89. Heat and light are the specific properties of fire in addition to the properties of the entities from which it is derived, namely existence, a pseudo-reality apart from existence and perceptibility to the senses of sound and touch.

90. Endowed with these properties of Brahman, Maya, Akasa and air, respectively, fire has colour as its specific property; apart from existence, all the other properties of fire are unreal. Understand this by discrimination.

91. Since the reality of fire as Brahman and its unreality apart from Brahman has been established, it is easy to understand the unreality of water apart from Brahman since it consists of only one-tenth part of fire.

92. Its existence, its pseudo-reality apart from existence, its perceptibility to the senses of sound, touch and sight are taken from the entities from which it is derived (namely, Brahman, Maya, Akasa, air and fire respectively). Its specific property is perceptibility to the sense of taste.

93. Since the illusory character of water considered apart from existence has thus been established, let us now take the case of earth, which arises from one-tenth part of water.

94. The earth has for its properties existence, a pseudo-reality apart from existence and perceptibility to the senses of sound, touch, sight and taste. Its specific property is perceptibility to the senses of smell. Their difference from Brahman should be understood.

95. The illusory character of earth is realised when it is considered apart from existence. One-tenth part of it forms the cosmos.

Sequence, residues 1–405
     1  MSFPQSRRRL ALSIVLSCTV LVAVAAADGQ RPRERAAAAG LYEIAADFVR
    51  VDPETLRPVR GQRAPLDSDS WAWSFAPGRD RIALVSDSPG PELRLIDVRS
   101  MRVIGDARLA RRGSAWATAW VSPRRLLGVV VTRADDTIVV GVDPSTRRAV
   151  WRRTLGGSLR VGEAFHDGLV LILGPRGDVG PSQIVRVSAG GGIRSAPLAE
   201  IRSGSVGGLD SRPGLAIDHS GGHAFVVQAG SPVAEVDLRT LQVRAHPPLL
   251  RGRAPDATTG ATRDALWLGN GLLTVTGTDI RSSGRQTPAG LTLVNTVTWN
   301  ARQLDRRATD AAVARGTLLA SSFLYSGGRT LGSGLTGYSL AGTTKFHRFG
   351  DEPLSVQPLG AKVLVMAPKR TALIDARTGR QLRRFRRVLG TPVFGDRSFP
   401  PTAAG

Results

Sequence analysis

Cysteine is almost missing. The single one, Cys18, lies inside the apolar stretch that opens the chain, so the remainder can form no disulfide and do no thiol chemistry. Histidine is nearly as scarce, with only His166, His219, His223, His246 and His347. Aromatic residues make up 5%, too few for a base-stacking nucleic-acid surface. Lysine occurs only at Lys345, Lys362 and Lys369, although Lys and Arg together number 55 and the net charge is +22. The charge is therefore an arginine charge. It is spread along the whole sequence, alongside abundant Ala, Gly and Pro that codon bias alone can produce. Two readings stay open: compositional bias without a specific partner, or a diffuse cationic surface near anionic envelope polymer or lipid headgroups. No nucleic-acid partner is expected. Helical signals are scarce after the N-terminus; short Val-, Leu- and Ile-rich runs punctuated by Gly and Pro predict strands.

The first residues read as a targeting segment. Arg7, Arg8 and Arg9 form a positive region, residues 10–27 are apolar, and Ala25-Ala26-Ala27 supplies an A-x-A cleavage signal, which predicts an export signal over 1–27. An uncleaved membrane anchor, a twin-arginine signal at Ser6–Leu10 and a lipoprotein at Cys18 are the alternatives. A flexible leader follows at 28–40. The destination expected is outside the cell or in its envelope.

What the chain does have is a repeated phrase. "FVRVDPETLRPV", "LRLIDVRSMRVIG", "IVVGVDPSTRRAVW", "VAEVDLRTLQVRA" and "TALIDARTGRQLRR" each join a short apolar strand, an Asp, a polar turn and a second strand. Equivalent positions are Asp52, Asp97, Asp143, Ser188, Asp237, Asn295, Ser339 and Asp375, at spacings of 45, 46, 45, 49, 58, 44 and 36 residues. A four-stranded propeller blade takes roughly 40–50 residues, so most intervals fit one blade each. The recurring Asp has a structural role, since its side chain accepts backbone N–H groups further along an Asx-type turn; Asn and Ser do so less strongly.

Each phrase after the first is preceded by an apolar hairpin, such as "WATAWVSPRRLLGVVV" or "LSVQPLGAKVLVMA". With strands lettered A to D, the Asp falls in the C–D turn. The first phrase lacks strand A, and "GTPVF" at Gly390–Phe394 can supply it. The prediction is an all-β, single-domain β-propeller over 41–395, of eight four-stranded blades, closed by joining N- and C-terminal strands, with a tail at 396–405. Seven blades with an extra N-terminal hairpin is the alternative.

96. The cosmos contains the fourteen worlds and all the living beings suited to each world.

97. If we abstract from the cosmos the existence which underlies it, all the worlds and all objects are reduced to a mere illusory appearance. What does it matter even if they still continue to appear?

98. When a deep impression has been created in the mind about the elements and their derivatives and Maya being of the same category (viz., of non-existence), the understanding of the real entity as non-dual will never be subverted.

99. When the Reality has been comprehended as non-dual and the world of duality has been differentiated, their pragmatic action (however) will continue as before.

100. The followers of Sankhya, Vaisesika, the Buddhist and other schools have established with quite an array of arguments (the real nature of) the multiplicity in the universe. Let them have these. We have no quarrel with them. (In the pragmatic world we too accept them all.)